Experience the many ways to explore Yellowstone
I enjoyed the Yellowstone article [“Full Steam Ahead,” Sept. 6, by Christopher Reynolds].
If you love Yellowstone and can happily do without the crowds, do it in winter. It’s glorious and uncrowded, and you can appreciate the solitude and silence. It’s a whole other experience.
You need to make special arrangements. I went with a company called Natural Habitat Adventures. They are expensive, but you can research other companies and ways to go.
Nice article on Yellowstone. I had never visited there until my daughter enrolled at South Dakota State, and we started driving back and forth from Los Angeles to Brookings twice a year. I’ve now been through Yellowstone four times, and every time, we have been glad we visited.
One road I’m guessing Reynolds hasn’t taken, because he mentioned he went to Bozeman: the northeastern route from Yellowstone to Billings, Mont. Beartooth Highway climbs to 10,977 feet through forests and then switchbacks up into alpine tundra.
There are several small lakes at the top of the pass and even some small glaciers. Beautiful, wild and isolated.
We recently went that way rather than through Cody, Wyo., (heading east) or Idaho Falls (heading west), and we intend to drive that road again. It is breathtakingly lovely. If you get a chance to drive that way, take it.
India joins Brazil on visa issues list
I’ve gotten both Brazilian and Indian visas; if you think getting the Brazilian is annoying, you should see the Indian.
The Brazilian process is a petty, tit-for-tat, jump-through-a-few-hoops nuisance; the Indian process is exceedingly long, intrusive and downright frightening.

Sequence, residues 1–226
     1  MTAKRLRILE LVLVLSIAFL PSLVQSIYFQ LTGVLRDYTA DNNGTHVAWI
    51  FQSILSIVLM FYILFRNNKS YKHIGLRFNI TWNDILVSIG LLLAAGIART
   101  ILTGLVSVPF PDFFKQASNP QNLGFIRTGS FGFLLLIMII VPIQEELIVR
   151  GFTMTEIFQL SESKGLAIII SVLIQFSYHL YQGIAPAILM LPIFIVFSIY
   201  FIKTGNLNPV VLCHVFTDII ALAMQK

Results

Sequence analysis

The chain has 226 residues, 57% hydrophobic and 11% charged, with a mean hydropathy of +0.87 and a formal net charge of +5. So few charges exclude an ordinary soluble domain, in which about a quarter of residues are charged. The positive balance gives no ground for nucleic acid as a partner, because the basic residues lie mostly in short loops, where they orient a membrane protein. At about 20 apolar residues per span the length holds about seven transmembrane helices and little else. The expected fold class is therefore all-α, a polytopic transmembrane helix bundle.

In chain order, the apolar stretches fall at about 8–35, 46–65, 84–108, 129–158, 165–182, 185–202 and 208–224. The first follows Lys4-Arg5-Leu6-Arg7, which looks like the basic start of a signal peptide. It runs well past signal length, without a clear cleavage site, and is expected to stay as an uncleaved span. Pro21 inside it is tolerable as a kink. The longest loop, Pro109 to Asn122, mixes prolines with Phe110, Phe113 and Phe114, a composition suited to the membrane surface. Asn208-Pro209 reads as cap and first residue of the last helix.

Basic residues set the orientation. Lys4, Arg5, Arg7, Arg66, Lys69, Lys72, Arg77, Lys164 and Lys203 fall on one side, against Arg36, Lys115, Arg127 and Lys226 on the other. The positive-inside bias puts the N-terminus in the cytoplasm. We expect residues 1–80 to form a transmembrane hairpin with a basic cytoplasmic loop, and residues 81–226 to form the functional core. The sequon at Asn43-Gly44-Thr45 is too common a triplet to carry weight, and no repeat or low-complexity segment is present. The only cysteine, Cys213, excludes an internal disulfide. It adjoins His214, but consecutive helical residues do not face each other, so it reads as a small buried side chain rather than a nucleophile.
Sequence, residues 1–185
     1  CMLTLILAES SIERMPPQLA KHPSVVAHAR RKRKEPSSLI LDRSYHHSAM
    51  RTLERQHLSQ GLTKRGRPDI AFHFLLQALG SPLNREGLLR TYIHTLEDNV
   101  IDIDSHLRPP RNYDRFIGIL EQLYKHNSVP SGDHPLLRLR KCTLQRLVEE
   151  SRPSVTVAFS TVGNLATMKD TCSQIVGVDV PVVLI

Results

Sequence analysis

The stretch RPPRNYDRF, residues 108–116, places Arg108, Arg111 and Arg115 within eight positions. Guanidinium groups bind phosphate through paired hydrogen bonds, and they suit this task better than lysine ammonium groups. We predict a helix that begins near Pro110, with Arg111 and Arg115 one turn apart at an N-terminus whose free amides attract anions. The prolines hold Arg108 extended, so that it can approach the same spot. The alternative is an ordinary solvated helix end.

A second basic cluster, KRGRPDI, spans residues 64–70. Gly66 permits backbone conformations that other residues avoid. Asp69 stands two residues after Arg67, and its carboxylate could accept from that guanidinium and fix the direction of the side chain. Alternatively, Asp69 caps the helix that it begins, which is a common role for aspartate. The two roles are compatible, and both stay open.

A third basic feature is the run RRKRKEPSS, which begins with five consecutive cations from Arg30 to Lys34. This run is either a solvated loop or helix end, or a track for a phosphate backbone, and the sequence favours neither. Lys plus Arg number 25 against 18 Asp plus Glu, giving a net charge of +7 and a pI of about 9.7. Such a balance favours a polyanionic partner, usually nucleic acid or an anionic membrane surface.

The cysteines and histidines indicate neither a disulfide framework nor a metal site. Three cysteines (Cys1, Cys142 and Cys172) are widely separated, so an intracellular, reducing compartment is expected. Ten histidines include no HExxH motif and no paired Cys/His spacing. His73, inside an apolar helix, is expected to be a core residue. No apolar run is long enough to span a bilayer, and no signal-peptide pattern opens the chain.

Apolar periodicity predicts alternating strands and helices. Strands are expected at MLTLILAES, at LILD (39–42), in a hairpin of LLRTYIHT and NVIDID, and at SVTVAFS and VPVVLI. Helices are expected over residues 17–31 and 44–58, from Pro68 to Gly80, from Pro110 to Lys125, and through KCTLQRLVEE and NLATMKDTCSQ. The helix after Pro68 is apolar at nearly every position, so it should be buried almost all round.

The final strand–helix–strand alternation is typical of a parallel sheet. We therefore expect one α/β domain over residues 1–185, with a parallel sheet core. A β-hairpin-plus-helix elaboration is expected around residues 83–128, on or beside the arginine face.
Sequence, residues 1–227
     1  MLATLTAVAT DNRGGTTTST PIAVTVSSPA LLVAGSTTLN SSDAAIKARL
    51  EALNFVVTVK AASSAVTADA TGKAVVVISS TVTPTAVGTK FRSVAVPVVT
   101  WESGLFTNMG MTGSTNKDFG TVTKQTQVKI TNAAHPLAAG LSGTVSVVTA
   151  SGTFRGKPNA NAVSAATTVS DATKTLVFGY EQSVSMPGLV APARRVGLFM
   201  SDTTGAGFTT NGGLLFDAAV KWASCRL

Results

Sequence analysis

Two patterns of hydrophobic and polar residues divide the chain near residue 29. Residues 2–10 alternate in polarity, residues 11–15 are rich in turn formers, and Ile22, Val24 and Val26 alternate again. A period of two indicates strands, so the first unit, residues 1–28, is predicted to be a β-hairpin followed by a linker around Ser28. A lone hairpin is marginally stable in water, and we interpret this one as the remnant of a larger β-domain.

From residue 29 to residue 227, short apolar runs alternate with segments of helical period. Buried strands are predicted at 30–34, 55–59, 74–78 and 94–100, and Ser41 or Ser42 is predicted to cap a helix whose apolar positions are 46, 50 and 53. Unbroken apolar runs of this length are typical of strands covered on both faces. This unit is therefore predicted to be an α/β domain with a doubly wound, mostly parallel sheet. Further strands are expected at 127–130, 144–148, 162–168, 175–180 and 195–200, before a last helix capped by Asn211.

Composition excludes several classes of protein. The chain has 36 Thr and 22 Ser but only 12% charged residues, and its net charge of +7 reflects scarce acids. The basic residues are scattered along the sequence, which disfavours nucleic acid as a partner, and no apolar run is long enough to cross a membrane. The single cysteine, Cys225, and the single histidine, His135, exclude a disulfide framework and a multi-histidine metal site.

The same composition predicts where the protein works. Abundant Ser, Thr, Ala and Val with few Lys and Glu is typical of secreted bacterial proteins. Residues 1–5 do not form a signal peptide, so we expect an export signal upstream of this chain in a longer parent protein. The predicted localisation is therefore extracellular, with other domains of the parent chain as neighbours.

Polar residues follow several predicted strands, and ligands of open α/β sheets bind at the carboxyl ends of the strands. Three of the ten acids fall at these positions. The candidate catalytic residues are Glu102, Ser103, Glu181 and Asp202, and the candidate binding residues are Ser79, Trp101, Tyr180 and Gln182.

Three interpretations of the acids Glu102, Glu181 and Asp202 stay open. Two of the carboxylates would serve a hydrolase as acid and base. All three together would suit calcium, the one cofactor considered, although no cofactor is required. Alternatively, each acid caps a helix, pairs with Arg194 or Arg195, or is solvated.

Sixteen pages? Mother’s religion? Countries visited in last 10 years? Exacting and confusing dimensions for photos? Cashier’s checks and prepaid FedEx return envelopes?
You could probably get a job at the National Security Agency with less disclosure.
For both countries, I recommend getting the five-year, multiple-entry visa even if your chance of returning is almost nil. They don’t cost much more, and duplicating the hassle is just too disheartening. Start the process about three months in advance; you may well need them all.
Memories of Half Moon Bay
I very much enjoyed Michele Bigley’s article regarding Half Moon Bay [“Sense of Calm Beside the Sea,” Sept. 6]. It brought back memories from 1964, when I saw it for the first time.
My parents had lived all over the world by the time I was born in England (No. 2 in a rare set of 1948 triplets). By the time we were 3, our father had decided to move to Canada and start a new life. By 1964, he was raring to go again, always moving from country to country, not city to city. So with no job waiting, he took off for California with our mother and us teenage triplets jammed in the back seat.
Always the adventurer, Dad had looked over a map of California and picked “a spot that sounded good.” That spot was Half Moon Bay. Dad took a month to drive slowly from Toronto to the California coast. Once we arrived and stood on the cliffs overlooking the Pacific in Half Moon Bay, we were all a bit disappointed. Back then, all Half Moon Bay seemed to have going for it was pumpkins.
I chuckle now, when I remember Dad standing on the big cliff looking over the land, and muttering, “Well, you could certainly do a lot with THIS land.” On another visit, a few years ago, I stood on the same spot. It is now the Ritz-Carlton hotel.
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